We specialize in translating complex medical and technical documents or interpreting for scientists, engineers and government officials. We are currently supporting local and international high-tech companies from the UK and will be attending BioJapan in 2018. We are available to assist any companies that will be attending. Please get in touch via email.

Here are 10 simple tips to get the most out of  BioJapan

Top Ten Tips for BioJapan 2018.

  1. 1. How close is too close?

Personal space is highly valued in Japan. Give stand visitors, clients or a potential business partner more room than you would with a Western businessperson. Communication tends to be more subdued than in the West. So it is important not to talk too loudly or use too many gestures when talking to a Japanese businessperson.

 

  1. Business card etiquette

Business cards are revered in Japan. Hand over your business card by taking it out of an attractive business card holder rather than from your suit pocket. Present your business card with both hands, with your name facing the recipient. Take their card with two hands and place it either on the desk in front of you or look at it and read their name before placing it respectfully in your cardholder.

  1. What to translate into Japanese?

It is advisable to have a bilingual business card with your details in Japanese on one side. Include your qualifications and, where appropriate, your University. Ensure that Japanese language materials are available as a downloadable pdf or printed flier.  You are more likely to make a good first impression if your cards and promotional materials are accurately translated into Japanese.

It is also important to have a Japanese speaker on your stand to assist with enquiries.

  1. Who is in charge?

Japanese businesses are hierarchical. When talking to a client always address the most senior member of the team. They may be less responsive or less communicative than more junior staff so it is easy to be misled into addressing the wrong people. Arrange their business cards in front of you in the order that they are seated to keep reminding yourself of who is leading the away team.

  1. Do I need to speak the Language?

Your hosts will not expect you to speak Japanese. But they will greatly appreciate your effort to master a few basic phrases such as how to introduce yourself in Japanese.  To avoid complications have a professional interpreter present at all meetings, however informal.  Remember that your interpreter is just like you; they will perform better in meetings if briefed in advance and allowed time to prepare.

  1. How polite are the Japanese?

The Japanese are exquisitely polite and considerate.  They respect hierarchy and formality in negotiations. Ease the way by address your Japanese business partner formally using their family name or full name. If you want to impress them, attach the honorific sama to their family name. So Ms. Suzuki would be Suzuki sama.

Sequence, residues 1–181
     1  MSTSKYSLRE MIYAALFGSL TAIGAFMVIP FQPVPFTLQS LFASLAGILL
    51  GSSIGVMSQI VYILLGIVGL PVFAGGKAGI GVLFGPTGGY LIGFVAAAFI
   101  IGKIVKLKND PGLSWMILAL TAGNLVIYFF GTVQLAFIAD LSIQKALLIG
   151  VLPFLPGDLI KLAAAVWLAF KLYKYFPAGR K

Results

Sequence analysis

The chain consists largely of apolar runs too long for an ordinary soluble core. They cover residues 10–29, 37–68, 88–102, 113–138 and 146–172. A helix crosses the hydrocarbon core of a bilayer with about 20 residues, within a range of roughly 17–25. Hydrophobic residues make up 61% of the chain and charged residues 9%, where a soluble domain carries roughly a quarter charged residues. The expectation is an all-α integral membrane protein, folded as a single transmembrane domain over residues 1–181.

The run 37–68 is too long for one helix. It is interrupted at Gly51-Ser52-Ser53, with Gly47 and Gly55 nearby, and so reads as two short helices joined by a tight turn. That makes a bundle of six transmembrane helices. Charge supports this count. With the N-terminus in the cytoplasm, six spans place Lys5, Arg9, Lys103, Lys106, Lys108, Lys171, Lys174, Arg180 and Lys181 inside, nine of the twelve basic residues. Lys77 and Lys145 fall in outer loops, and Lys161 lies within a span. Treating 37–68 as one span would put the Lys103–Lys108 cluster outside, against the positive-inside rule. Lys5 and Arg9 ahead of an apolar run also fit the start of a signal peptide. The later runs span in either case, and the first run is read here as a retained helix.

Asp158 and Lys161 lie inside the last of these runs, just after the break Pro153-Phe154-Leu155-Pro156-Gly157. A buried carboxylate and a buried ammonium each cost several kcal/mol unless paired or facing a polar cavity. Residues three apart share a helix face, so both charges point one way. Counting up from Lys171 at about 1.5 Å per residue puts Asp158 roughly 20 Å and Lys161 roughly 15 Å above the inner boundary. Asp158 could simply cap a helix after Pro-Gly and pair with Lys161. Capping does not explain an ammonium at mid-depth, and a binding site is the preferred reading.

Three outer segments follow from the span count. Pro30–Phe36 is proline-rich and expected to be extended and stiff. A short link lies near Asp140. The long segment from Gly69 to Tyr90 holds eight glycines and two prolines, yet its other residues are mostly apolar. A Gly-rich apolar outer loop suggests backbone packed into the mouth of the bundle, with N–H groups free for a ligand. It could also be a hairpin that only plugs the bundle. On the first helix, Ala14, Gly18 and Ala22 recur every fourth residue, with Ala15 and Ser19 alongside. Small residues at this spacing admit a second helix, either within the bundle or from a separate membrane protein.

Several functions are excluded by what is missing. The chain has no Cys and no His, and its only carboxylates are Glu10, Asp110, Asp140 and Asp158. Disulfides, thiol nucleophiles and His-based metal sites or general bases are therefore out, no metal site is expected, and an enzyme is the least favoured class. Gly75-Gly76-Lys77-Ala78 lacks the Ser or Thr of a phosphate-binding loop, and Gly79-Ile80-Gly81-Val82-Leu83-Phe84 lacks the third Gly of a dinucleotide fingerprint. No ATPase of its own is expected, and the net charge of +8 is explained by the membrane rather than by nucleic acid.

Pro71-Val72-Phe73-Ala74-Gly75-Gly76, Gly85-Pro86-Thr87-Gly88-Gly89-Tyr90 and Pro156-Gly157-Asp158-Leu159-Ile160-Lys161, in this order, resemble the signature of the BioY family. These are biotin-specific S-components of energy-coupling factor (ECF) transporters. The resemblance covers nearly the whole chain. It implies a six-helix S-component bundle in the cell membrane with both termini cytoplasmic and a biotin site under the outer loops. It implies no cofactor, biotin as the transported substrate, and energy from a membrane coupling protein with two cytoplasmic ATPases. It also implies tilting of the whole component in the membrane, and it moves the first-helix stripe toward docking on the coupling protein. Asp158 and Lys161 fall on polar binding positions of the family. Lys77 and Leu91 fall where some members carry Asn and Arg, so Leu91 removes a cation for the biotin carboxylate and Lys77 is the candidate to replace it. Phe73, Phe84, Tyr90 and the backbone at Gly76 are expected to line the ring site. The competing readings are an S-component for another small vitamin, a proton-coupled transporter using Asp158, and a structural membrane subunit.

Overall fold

1. The sound of silence

You may feel uncomfortable in conversation with Japanese delegates when they fall silent after you have spoken. Do not be. This is a mark of respect, a sign that they are absorbing and reflecting on what you have said. Don’t be tempted to fill gaps in the conversation. Give them the time to respond to you.

  1. How much is British English Internationally–understood?

We tend to forget how localized and culturally-specific our daily language is. What works at home may not travel well. Neutralizing how you speak, using unambiguous English and internationally–understood expressions, will help those using English as a second language.

  1. What are the current Japanese social media trends?

According to the Japanese Social Media Lab(June 2018), Facebook and Twitter are still the leading platforms. Twitter has about 40 Million users nationally with the majority being between 20 and 50 years of age. Next most popular is the LINEmessenger app with a usage rate of over 60% of those in their forties. It is worthwhile having this app installed on your smartphone. Similarly, many Japanese business people are signed up to the Business card app Eight. They can use this to scan cards; the app then scans for that person’s online profile. Again, one to add to your smartphone apps.

LinkedIn is also popular in Japan and ranks as number 6 in terms of network popularity with a 17% market share. In comparison it is ranked 10thin the UK with a 33% market share [Avocado Social (Jan 2018)].

  1. Giving and receiving gifts
An exchange of gifts is usual when visiting Japanese clients.  Give the gift at the end of the visit. Always make sure that you have plenty of beautifully wrappedgifts. These need not be of particularly high value and personal gifts should be avoided.  Green, white or cream papers are a good choice. Suitable gift ideas would be foods from your local region such as sweets or biscuits. High quality alcohol is also a good choice. Don’t expect the recipient to open the gift in front of you as this could cause a loss of face. Similarly you are not expected to open any gifts that you may be given. Simply say thank you and place the gift in a suitable bag to take back with you.